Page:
Thursday, December 23, 2010

1-3" Christmas Eve (bigger storm for New Year's weekend?)

Paul's Conservation MN Outlook for the Twin Cities and all of Minnesota:

 TODAY: Flurries, heavy snow stays south/west. Winds: E 7. High: 26

THURSDAY NIGHT: Clouds linger, a little light snow possible late. Low: 14

CHRISTMAS EVE: 1-3" snow possible - Rudolph sightings late. Some roads may be icy, especially south/west of the metro area. High: 25

CHRISTMAS DAY: Some sun, one VERY "white" Christmas! Travel conditions improve. High: near 20

SUNDAY: More sun as high pressure settles overhead, no worries getting home. High: 18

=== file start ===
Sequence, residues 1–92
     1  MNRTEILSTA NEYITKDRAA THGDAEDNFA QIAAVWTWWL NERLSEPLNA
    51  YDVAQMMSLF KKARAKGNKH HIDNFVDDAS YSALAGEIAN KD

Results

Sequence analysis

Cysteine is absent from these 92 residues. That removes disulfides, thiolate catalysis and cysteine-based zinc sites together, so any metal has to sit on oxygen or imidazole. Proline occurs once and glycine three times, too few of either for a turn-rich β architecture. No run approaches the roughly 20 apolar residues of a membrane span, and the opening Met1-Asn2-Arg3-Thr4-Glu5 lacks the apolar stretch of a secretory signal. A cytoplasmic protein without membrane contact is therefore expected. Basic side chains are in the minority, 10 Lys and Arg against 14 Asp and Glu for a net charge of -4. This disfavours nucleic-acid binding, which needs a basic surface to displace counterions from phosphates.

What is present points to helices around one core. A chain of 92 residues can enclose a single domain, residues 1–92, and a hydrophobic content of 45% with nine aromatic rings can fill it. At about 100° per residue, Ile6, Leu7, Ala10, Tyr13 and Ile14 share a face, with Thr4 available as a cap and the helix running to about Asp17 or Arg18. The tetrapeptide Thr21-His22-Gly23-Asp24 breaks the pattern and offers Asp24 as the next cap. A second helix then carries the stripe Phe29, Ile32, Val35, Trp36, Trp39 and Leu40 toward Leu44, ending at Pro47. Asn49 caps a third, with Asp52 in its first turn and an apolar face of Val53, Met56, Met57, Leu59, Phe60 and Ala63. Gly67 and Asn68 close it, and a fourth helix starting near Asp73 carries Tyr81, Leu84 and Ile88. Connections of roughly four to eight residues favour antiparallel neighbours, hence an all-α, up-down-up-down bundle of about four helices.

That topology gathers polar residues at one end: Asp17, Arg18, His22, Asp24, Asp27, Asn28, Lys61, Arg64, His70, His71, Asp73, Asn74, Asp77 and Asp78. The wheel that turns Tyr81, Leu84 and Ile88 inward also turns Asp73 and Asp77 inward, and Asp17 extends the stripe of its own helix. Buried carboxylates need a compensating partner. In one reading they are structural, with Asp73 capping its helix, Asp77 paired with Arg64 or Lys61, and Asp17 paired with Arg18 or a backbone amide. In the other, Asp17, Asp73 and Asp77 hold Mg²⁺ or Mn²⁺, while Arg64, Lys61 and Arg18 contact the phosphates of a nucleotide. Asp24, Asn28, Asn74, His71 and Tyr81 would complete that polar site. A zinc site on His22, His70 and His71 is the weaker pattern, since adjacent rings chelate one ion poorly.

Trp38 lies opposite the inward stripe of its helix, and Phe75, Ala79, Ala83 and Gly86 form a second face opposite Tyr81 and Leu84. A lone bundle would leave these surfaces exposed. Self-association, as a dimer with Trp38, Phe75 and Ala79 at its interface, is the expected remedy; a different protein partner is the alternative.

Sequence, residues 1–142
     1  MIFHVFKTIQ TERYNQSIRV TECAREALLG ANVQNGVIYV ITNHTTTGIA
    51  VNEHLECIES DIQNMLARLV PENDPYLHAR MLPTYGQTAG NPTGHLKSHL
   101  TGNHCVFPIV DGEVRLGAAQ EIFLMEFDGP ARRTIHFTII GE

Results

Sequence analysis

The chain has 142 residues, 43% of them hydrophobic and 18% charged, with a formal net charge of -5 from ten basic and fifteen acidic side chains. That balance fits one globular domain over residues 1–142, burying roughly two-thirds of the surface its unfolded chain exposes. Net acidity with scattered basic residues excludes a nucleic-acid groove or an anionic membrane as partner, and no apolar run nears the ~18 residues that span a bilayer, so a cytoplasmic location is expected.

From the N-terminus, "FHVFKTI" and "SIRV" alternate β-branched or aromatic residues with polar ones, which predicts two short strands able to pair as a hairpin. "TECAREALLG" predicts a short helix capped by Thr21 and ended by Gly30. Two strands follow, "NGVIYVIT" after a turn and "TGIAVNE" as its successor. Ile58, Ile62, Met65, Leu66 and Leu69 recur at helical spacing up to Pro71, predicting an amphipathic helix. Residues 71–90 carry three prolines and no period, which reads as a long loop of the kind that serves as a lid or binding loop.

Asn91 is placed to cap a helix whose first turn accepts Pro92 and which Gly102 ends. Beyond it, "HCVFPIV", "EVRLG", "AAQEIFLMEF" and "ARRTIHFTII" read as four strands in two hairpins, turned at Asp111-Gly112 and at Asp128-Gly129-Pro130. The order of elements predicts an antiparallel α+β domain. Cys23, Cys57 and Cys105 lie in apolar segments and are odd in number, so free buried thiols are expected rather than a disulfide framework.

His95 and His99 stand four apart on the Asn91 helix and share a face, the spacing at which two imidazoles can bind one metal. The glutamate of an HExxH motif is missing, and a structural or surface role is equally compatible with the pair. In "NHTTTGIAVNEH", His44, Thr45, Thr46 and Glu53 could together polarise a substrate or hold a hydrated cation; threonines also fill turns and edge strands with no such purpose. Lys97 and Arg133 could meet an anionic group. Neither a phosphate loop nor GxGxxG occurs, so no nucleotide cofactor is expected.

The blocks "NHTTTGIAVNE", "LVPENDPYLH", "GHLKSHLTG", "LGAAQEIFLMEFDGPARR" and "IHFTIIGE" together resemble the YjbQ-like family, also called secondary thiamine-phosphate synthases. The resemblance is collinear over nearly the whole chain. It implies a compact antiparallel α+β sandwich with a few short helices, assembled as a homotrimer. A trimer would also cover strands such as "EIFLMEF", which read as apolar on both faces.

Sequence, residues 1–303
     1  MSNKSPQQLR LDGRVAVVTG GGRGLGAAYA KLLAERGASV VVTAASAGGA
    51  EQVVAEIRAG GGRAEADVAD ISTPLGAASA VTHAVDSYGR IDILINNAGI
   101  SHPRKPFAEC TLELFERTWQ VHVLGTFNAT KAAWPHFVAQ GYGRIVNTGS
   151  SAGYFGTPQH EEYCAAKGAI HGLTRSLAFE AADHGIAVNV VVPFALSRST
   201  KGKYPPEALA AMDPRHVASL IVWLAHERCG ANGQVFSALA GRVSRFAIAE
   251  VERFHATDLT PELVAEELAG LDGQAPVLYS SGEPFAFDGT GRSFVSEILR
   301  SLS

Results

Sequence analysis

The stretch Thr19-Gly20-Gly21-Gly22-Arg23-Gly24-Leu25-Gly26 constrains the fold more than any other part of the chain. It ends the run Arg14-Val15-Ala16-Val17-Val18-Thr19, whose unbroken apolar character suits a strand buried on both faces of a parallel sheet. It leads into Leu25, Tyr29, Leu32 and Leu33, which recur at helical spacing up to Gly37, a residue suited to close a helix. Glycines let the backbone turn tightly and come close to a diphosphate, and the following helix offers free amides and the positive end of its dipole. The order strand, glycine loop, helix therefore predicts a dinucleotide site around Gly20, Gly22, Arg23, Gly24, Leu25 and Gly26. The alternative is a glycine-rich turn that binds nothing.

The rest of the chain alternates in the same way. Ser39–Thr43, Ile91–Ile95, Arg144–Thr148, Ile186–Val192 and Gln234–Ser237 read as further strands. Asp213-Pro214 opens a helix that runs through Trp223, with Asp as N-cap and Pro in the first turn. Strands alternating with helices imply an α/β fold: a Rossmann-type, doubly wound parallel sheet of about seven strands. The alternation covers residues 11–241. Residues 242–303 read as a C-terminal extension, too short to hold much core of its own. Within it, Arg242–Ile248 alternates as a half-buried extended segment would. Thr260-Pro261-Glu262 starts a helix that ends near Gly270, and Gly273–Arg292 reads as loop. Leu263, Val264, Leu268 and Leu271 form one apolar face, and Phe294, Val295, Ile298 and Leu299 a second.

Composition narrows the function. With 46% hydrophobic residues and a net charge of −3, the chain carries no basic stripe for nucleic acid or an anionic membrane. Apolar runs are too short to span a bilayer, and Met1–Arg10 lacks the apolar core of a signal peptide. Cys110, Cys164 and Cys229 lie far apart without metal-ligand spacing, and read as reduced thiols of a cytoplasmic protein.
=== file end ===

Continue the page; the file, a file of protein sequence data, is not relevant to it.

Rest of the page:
MONDAY: Blue sky, still cold and quiet. High: 21

TUESDAY: Clouds increase, a bit milder. High: 24

WEDNESDAY: Last dry day? Warming up slightly. High: 28

Extended Weather "Trend":

THURSDAY: Mix of light rain and snow develops. High: near 30

NEW YEAR'S EVE: Potential for a cold rain, some ice possible - heavier snow far north/west. High: 31

NEW YEAR'S DAY: Possible changeover to mostly snow - potential for significant accumulation, especially northern, central and western MN. High: 29 (falling during the day).

"Dreaming Of A White Christmas?" If so - you're definitely in luck this year. By Christmas Day I expect 17-19" on the ground in the Twin Cities, about 12-14" for St. Cloud, a bit less for Brainerd, but as much as 25-30" on the ground from near Rochester to Winona. Santa is pumped.

Winter Weather Advisory. The NWS has issued an advisory for accumulating snow for the southern and western suburbs of the Twin Cities for Christmas Eve. No problems today, but light snow starts up later tonight and continues through the afternoon on Friday.